There's dark chocolate, there's milk chocolate, white chocolate, and now there's PINK chocolate! If you think this sumptuous sweet temptation can't get any better, then you would be surprised how wonderful this discovery is. Though many are skeptical about its taste, you can't help but wonder what scientists have in store for us when it comes to whipping up tasty treats.
Launched recently in Shanghai, you would most likely say "it's probably just white chocolate with food dye" but you are dead wrong. The concoction is made solely from special cocoa beans (duh!) with no berries, no added food coloring or artificial flavors. We know exactly what you're thinking…
What does it taste like?
Sourced from "ruby" cocoa beans, which we assume is a new species of cocoa developed by Barry Callebaut, ruby chocolate allegedly tastes fruitier than regular chocolate and is neither bitter, milky, or sweet. According to the New York Times, this rose-colored chocolate is a “tension between berry-fruitiness and luscious smoothness”. Disappointingly, it doesn't taste like rainbows.
"It's natural, it's colourful, it's hedonistic, there's an indulgence aspect to it, but it keeps the authenticity of chocolate"
So, how did it turn pink?!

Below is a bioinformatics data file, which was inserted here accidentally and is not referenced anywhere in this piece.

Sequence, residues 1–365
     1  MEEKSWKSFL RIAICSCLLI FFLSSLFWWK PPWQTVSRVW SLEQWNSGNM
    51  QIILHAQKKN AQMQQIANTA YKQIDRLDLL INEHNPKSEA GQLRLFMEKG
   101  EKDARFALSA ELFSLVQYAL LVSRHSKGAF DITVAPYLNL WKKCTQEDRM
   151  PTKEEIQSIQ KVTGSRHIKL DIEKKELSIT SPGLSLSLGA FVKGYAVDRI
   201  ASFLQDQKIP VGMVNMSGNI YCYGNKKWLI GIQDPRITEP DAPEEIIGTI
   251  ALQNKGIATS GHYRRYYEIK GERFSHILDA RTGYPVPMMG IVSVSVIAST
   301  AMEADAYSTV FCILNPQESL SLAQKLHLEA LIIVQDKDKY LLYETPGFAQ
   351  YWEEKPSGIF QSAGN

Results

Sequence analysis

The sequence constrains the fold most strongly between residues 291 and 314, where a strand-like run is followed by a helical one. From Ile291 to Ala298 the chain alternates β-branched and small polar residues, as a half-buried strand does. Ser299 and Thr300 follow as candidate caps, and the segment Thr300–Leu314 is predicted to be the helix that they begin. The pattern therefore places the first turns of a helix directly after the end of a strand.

The Times also reported that the chocolate company is still hush-hush about how exactly did bitter brown cocoa beans turn into this fruity pink goodness. What we do know is that these beans are sourced from different parts of the world including Brazil, Ecuador, and the Ivory Coast. Barry Callebaut managed to unlock a new process that turned it pink and it took years to develop - 80 years to be exact.
It took Barry Callebaut almost a century to follow up their success in creating new types of chocolate. It is also worth noting that the brand invented/ discovered white chocolate 80 years prior. So, you could say that Barry Callebaut is the Crème de la Crème of chocolates.
A week after Barry Callebaut unveiled their new type of chocolate in Shanghai, it is met with criticism. Chocolate Judge Luke Owen Smith, owner of The Chocolate Bar in Wellington, New Zealand, and an authority when it comes to anything chocolate says that the ruby chocolate is on "the fringe of what I would want to call chocolate", calling it a "gimmick".
Chocolate owes its dark color to the fermentation process of cocoa beans. Smith stated that "Cacao before fermentation, it's not really chocolate - it's cacao.", and since no process or ingredients is made public, "it dubious about whether you'd really want to call it chocolate because fermentation is where the chocolate flavour starts to begin coming in".
We eat up anything that's millennial pink, literally. It's new, quirky, and instagrammable, no wonder many of us would instantly be captivated with ruby chocolate. While it may face skepticism, one thing is for sure, Regina George and her gang will be all up on this chocolate every Wednesday.